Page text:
Whether or not certain classes are eventually offered next year will depend on the number of students who register for them. Low registration may result in a course being taken out of the course offerings.

Mullins also explained how the registration process will work when it opens on Feb. 1 through a portal in Infinite Campus.

“We’ve used the portal in the past to sign up for our classes, and we’re going to continue to do that.  The portal will open the first week of February, and then once that portal closes, we will begin meeting with students regarding their individual selections. And we are working out logistics for that, how to meet with our students as safely as possible,” Mullins said.

The registration portal for the 2021-2022 school year will close on Feb. 8 and all students must select their courses by that time. Students will need to choose a full schedule of classes as well as a couple alternates just in case the schedule doesn’t allow them to take all their first choices or in case some of the classes they choose are already full.

“We anticipate that we will have a lot more students asking one on one questions via email, but we still really want that opportunity to meet with them individually,” Mullins said. “We used to bring students into our office, several students at a time, but we can’t do that this year, so we’re playing around with different ideas like meeting in the Commons or the Library, where there is more space. Of course the virtual students would be a Zoom appointment. We definitely have every intention to meet with all of our students about their classes, but we’re working through how that’s going to look.”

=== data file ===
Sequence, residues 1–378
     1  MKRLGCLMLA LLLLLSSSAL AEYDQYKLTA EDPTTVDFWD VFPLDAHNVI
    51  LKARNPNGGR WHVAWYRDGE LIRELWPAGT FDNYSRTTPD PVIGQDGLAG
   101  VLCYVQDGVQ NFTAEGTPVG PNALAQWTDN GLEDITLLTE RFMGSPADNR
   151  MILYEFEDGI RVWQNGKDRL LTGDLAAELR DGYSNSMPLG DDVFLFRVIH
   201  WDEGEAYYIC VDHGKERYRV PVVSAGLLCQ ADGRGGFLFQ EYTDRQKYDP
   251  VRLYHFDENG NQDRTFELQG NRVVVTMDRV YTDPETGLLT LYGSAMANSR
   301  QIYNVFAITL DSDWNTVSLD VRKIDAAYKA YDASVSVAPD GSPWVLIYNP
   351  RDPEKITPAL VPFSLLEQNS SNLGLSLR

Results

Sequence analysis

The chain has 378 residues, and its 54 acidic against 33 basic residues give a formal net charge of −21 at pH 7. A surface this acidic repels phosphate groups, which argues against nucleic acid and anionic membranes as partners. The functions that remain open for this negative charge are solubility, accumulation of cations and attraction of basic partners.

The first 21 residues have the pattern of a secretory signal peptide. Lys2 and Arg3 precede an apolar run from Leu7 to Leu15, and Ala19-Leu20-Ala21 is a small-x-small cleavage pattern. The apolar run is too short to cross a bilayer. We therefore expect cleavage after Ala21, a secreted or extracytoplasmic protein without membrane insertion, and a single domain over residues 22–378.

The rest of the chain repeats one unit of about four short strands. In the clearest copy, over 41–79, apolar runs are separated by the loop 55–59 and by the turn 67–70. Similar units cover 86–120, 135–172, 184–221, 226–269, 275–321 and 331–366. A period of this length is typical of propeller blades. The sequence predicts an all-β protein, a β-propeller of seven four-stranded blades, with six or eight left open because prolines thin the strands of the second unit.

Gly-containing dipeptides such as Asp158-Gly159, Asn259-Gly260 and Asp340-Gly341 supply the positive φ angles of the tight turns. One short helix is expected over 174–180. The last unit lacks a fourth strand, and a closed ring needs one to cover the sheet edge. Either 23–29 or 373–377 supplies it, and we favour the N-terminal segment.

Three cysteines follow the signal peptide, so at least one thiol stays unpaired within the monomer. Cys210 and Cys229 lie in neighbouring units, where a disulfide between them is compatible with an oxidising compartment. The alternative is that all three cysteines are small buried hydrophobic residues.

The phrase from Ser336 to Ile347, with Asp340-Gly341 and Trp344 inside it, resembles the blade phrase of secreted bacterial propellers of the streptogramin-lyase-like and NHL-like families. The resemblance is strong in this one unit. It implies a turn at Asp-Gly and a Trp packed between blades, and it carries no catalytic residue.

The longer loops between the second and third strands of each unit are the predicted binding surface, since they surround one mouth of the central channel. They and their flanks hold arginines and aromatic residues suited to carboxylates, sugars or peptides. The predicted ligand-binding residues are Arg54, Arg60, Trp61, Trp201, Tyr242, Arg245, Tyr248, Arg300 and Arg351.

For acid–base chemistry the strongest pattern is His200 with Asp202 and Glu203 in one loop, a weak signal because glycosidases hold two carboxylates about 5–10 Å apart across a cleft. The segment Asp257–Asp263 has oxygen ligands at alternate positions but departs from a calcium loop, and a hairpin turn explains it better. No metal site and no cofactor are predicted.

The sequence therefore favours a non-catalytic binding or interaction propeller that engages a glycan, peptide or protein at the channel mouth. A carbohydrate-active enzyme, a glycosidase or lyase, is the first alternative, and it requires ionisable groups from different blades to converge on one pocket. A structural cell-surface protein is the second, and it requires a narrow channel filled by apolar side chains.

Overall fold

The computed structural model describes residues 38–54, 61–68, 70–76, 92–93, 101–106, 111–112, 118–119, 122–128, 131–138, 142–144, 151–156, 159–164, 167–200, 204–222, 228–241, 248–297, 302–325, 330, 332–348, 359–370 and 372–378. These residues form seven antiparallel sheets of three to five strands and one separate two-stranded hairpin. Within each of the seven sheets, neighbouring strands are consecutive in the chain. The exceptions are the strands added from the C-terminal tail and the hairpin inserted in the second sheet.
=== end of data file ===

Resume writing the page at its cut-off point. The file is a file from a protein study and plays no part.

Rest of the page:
The counselors are working to make sure students understand the format of courses being offered in 2021-2022.

“The goal is that students choosing to remain online will have teachers that are teaching in the online format only and the teachers will not be asked as frequently to do both in-person and virtual at the same time,” Mullins said. “We’re also anticipating that if a student did choose to be virtual only, we couldn’t offer every single class like that, so there would be some limited choices, and we don’t really know what those would be at this point.”

She also explained how the counselors have had to adapt to not being able to interact with students as closely as they have before.

“In the past, counselors went to the middle schools, and that was one of our favorite things, honestly, to go and see our incoming freshmen, and get to meet them,” she said. “I think [interacting with students] is really important. We went into this career to be with kids and so it has been weird to not be doing that.”

Mullins spoke to the anxiety of the COVID-19 pandemic and how that may be impacting how students are thinking about school and their futures.

“We have become a culture where anxiety is constantly increasing. I think a lot of that is because we are anticipating what’s ahead, and we are worrying about it before it comes, and I think, I hope, that for some of us, this situation has allowed us to realize that we don’t have to know what’s going to happen. When something we never even pictured happened, we were okay. It wasn’t wonderful, but we weathered the storm, and we got through it, and it’s helping me worry less about the future, because I have no idea what it could look like,” she said. “So you kind of just have to think, whatever the schedule’s gonna be, or whatever school’s gonna look like or whatever everything’s gonna look like, we’ll roll with it, we’ll make it work, cause we made this work.”